There was a scenario, albeit a highly unlikely one, that would have, had it materialised, seen Liverpool and Manchester City face a play-off to decide the 2018/19 Premier League title race.
Indeed, had there been two freak results on Sunday (a 4-0 Brighton win and a 4-4 draw between Liverpool and Wolves) the two sides would have finished exactly level – 95 points, 91 goals scored, 26 goals conceded, +65 goal difference.
That would have been quite the spectacle, bettering, at least in terms of pure drama, what was actually served up on the final day of the season. City and Liverpool ran a relentless title race, setting a new standard for what is expected of title challengers, but ultimately what we got at the finish line was something of an anti-climax.
It was a similar tale in the ‘Race For The Top Four,’ where Chelsea and Tottenham Hotspur staggered over the line to qualify for next season’s Champions League despite each winning just one of their last four league fixtures.
Arsenal and Manchester United both, effectively, had nothing to play for on the final day.
Contrast this with the excitement and theatre that will be served up by play-offs across the EFL this week. For their pure drama, these games are the highlight of the season, where a whole campaign is placed on the line, resulting in some of the most memorable 90-minute contests.
It is in these games that the essence of what it means to be a football fan, to go through ecstasy and agony in the space of just one afternoon, can be found.
So why aren’t there any play-offs in the Premier League?
This is, after all, the self-styled Best League In The World, a division where, supposedly, anyone can beat anyone and where a sense of occasion is packed into every single fixture, no matter how meaningless it may appear on the face of things. The Premier League has sold itself around the world as such.
Imagine just how more dramatic the final stretch of the season would be if play-offs were a factor.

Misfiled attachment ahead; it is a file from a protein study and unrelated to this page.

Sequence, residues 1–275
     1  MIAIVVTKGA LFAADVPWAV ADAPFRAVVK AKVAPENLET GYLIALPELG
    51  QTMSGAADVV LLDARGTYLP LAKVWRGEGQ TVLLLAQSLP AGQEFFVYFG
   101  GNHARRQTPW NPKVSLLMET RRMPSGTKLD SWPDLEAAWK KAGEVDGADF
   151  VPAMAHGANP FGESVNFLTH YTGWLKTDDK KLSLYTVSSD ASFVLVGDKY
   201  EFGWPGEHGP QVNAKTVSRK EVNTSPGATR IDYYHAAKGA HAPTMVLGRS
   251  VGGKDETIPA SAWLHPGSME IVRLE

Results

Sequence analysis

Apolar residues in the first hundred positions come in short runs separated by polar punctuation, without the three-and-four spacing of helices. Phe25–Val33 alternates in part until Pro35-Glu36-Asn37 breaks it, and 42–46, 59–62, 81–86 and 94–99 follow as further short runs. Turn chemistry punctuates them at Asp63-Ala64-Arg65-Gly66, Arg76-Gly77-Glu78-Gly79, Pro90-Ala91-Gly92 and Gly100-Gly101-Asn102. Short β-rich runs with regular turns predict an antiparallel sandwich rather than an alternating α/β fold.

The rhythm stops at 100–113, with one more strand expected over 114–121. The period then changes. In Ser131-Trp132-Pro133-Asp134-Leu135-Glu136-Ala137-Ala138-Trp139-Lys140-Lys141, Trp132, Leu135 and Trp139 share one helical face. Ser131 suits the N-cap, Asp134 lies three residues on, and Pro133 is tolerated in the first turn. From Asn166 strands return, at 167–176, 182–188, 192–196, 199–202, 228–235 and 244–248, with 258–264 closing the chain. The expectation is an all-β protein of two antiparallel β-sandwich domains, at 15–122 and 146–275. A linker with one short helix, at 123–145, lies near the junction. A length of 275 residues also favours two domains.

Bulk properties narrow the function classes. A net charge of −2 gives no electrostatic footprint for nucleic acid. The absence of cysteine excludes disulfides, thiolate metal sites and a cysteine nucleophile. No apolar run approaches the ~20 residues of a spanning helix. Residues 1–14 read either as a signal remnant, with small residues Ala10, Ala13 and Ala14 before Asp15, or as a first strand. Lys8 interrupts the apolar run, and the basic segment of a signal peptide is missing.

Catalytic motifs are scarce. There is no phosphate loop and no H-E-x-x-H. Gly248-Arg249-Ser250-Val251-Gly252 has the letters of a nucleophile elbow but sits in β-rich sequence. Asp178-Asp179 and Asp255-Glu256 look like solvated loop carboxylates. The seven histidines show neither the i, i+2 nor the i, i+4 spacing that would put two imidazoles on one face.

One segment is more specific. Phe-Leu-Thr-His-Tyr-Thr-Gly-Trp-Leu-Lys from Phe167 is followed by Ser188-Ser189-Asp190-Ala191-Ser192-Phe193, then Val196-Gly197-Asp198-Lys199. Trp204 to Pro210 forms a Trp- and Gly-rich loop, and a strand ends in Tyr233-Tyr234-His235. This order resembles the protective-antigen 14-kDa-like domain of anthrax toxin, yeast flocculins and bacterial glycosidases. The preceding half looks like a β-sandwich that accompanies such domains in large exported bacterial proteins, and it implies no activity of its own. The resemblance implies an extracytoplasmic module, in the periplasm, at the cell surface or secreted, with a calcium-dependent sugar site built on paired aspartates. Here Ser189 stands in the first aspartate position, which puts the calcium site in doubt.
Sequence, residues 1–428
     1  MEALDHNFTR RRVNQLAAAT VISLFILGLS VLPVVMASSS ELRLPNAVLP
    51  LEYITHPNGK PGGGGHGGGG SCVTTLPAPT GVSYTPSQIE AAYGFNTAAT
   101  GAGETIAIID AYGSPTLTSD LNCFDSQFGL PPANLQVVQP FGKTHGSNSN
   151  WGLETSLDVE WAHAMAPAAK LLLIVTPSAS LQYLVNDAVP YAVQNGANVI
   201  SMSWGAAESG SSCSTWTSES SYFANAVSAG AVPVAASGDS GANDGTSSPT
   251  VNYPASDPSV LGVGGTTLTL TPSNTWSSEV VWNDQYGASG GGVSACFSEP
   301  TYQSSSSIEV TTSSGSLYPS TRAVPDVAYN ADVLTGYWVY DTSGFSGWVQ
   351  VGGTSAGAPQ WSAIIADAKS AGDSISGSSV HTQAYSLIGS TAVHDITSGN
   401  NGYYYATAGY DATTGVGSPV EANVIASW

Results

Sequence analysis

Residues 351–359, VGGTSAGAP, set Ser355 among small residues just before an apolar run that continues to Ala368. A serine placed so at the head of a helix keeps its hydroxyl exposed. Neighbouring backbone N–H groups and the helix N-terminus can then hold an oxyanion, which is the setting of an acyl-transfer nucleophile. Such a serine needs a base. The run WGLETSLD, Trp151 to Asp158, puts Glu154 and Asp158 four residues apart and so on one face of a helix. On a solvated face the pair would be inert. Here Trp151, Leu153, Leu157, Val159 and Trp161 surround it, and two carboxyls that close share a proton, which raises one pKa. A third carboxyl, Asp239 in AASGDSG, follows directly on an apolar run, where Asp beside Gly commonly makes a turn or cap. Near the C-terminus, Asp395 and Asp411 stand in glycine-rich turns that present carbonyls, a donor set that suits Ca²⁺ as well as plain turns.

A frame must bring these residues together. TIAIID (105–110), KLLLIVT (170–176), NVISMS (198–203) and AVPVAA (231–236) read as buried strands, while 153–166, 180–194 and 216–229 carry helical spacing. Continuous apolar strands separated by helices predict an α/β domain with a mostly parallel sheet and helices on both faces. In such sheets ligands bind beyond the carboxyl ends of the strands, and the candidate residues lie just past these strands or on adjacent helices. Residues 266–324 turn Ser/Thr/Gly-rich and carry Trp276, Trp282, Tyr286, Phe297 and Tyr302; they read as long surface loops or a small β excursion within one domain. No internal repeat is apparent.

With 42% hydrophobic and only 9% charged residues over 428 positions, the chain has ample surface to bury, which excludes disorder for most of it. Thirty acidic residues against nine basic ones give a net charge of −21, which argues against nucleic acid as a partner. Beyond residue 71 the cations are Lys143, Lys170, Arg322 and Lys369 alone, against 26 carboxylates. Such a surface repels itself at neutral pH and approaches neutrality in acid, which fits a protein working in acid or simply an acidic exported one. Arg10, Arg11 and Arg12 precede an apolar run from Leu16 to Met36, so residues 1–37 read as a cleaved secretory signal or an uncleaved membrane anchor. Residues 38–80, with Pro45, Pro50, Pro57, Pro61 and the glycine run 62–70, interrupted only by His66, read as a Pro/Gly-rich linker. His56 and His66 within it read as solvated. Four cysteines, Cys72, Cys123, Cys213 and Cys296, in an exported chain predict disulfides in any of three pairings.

Of course, it would be too radical to suggest that the title race should be decided in such a way, but what about the race to finish in the top four? Surely one of those places could be decided by a mini play-off series at the end of the season.
Such a format could also work at the foot of the table. The Bundesliga pits the team that finishes the season 16th against the side that finishes third in the Bundesliga 2, with the winner over two legs taking their place in the German top flight next season. A similar thing also takes place in Ligue 1.
If English football has already made its peace with the Americanisation of the sport in favour of drama and spectacle, with play-offs played throughout the EFL, then why should proposals to introduce a knockout format be baulked at by the Premier League? A precedent has been set, so why wouldn’t they follow it?
Naturally, clubs, particularly those with their superiority to lose in a one-off game likely, would object. English football is already criticised for its lengthy season, with two major cup competitions and lack of a winter break, so asking players to play a further two or three games at the end of the campaign would likely be met sternly.
The top six is increasingly becoming the dog that wags the Premier League tail, but if England’s top flight remains a division intent on innovating and evolving to stay at the top of the sport then it must consider current trends.
Since their introduction in the late 1980s, play-offs have given the rest of English football a real end-of-season flourish. The Premier League should take note.